Impact of tocilizumab monotherapy on patient reported outcomes in patients with rheumatoid arthritis from two randomised controlled trials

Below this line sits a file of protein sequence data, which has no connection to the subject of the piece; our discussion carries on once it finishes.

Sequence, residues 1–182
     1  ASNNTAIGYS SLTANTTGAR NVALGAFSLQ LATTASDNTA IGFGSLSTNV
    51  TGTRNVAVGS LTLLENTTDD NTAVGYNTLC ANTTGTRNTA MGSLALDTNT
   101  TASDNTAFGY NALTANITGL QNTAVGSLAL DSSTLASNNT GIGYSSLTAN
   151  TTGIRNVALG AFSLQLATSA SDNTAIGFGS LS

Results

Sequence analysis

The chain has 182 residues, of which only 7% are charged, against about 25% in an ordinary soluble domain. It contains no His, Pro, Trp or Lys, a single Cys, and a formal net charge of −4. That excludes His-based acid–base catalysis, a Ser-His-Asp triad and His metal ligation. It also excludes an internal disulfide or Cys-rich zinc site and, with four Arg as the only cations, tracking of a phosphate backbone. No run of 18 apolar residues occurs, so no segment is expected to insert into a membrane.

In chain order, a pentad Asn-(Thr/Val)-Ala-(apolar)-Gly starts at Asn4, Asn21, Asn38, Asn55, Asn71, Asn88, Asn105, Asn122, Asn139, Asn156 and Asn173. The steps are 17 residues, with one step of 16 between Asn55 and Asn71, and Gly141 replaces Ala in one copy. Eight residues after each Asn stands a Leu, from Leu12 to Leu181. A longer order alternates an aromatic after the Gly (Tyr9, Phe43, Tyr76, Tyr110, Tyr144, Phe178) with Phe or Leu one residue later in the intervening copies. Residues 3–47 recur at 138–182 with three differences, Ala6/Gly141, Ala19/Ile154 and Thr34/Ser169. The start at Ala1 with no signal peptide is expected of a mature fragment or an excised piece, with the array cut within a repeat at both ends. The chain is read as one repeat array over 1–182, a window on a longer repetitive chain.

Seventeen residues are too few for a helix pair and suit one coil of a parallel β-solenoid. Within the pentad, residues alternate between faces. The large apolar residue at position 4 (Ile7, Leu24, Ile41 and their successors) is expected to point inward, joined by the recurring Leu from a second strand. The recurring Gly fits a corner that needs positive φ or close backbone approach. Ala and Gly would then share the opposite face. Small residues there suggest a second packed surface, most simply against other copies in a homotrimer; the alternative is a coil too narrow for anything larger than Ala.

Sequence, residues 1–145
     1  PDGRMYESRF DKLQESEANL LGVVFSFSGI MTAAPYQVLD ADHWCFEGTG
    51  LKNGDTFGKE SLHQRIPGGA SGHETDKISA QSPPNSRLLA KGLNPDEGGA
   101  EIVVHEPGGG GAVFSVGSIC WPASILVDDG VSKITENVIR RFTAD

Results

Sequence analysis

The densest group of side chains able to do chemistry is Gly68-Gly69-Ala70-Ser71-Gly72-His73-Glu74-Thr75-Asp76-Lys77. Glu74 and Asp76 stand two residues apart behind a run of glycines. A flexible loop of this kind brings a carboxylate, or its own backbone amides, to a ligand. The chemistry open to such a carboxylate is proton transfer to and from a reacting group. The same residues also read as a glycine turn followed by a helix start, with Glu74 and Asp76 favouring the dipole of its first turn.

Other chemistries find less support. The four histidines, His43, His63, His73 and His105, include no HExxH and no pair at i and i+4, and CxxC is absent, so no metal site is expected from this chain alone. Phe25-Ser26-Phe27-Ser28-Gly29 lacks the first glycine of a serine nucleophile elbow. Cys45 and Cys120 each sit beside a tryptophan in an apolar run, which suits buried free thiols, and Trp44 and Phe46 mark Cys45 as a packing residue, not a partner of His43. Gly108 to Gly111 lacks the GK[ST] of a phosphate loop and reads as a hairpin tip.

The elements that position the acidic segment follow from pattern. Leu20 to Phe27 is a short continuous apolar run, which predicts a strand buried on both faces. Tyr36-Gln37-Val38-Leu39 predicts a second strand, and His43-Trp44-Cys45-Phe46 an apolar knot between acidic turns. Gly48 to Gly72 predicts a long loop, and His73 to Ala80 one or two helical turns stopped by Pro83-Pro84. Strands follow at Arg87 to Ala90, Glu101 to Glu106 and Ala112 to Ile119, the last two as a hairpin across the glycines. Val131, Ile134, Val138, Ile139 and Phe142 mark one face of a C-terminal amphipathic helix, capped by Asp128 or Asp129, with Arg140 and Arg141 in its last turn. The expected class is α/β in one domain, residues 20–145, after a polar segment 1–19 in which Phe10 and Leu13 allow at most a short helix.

(1)Rheumatoid arthritis. Original article. Impact of tocilizumab monotherapy on patient-reported outcomes in patients with rheumatoid arthritis from two randomised controlled trials Vibeke Strand,1 Margaret Michalska,2 Christine Birchwood,2 Jinglan Pei,2 Katie Tuckwell,3 Rebecca Finch,9 Cem Gabay,10 Arthur Kavanaugh,11 Graeme Jones12 To cite: Strand V, Michalska M, Birchwood C, et al. Impact of tocilizumab monotherapy on patient-reported outcomes in patients with rheumatoid arthritis from two randomised controlled trials. RMD Open 2017;3:e000496. doi:10.1136/ rmdopen-2017-000496. Abstract. Objective  Two randomised controlled trials, AMBITION (NCT00109408) and ADACTA (NCT01119859), showed tocilizumab (TCZ) monotherapy superior to methotrexate (MTX) and adalimumab (ADA) monotherapy, respectively, for improving rheumatoid arthritis (RA) disease activity. This study compared the benefit of TCZ versus MTX or ADA monotherapy for improving patient-reported outcomes (PROs) in patients with RA. Methods  PROs included patient global assessment (PtGA), ►► Prepublication history and pain, Health Assessment Questionnaire Disability Index additional material for this paper (HAQ-DI), Functional Assessment of Chronic Illness Therapy are available online. To view please visit the journal (http://​dx.​ (FACIT)-Fatigue and Short Form-36 (SF-36) physical doi.​org/​10.​1136/​rmdopen-​2017-​ component summary (PCS) and mental component summary (MCS) and eight domain scores. Outcomes 000496). included proportions of patients reporting changes from Received 12 May 2017 baseline in PRO scores ≥minimum clinically important Revised 7 August 2017 differences (MCID) and ≥age-matched and genderAccepted 11 August 2017 matched normative values at 24 weeks. Results  In AMBITION, TCZ-treated patients reported significantly greater mean improvements in HAQ (−0.7 vs −0.5), FACIT-Fatigue (8.7 vs 5.7), SF-36 PCS (9.8 vs 7.8) and five SF-36 domains at week 24 than with MTX; 45.0%–84.0% of TCZ-treated patients reported improvements ≥MCID, and 24.3%–52.1% reported scores ≥normative values across all PROs versus 39.4%– 81.8% and 14.5%–45.0%, respectively, with MTX. In ADACTA, TCZ-treated patients reported significantly greater improvements in PtGA (−42.3 vs −31.8), pain (−40.1 vs −28.7), SF-36 MCS (7.9 vs 5.0) and three SF-36 domains than with ADA; 57.7%–83.3% of TCZ-treated patients reported improvements ≥MCID, and 22.1%–49.3% reported scores ≥normative values across all PROs versus 13.6%–37.8%, respectively, with ADA. Conclusions  TCZ monotherapy resulted in more patients reporting clinically meaningful PRO improvements and PRO scores ≥normative values compared with MTX or ADA monotherapy. Trial registration numbers  NCT00109408 and For numbered affiliations see NCT01119859; Post-results. end of article.. Key messages What is already known about this subject? ►► Tocilizumab (TCZ) monotherapy was shown. superior to methotrexate (MTX) monotherapy and adalimumab (ADA) monotherapy in two randomised, controlled trials (AMBITION and ADACTA, respectively) for improving disease activity in patients with active rheumatoid arthritis (RA); however, there are limited data regarding the impact of TCZ monotherapy on patient-reported outcomes (PROs).. What does this study add? ►► In this post hoc analysis of the AMBITION and. ADACTA trial populations, treatment with TCZ, MTX or ADA as monotherapy resulted in substantial and clinically meaningful improvements in PROs, including patient global assessment, pain, Health Assessment Questionnaire Disability Index, Functional Assessment of Chronic Illness TherapyFatigue and Short Form-36 physical and mental component summary and eight domain scores, over 24 weeks. ►► TCZ monotherapy resulted in greater mean improvements from baseline in PRO scores and more patients reporting clinically meaningful PRO improvements and PRO scores ≥ age-matched and gender-matched normative values compared with MTX or ADA monotherapy.. How might this impact on clinical practice? ►► Treatment with TCZ, MTX or ADA monotherapy was. effective in improving PROs, including healthrelated quality of life, in patients with active RA; however, TCZ monotherapy was more effective overall compared with MTX or ADA monotherapy. ►► Results of these trials indicate that it is now possible for patients with RA to achieve PRO scores that more closely approach those reported by healthy populations.. Correspondence to Professor Graeme Jones; g​ raeme.​jones@​utas.​edu.​au Strand V, et al. RMD Open 2017;3:e000496. doi:10.1136/rmdopen-2017-000496.    1.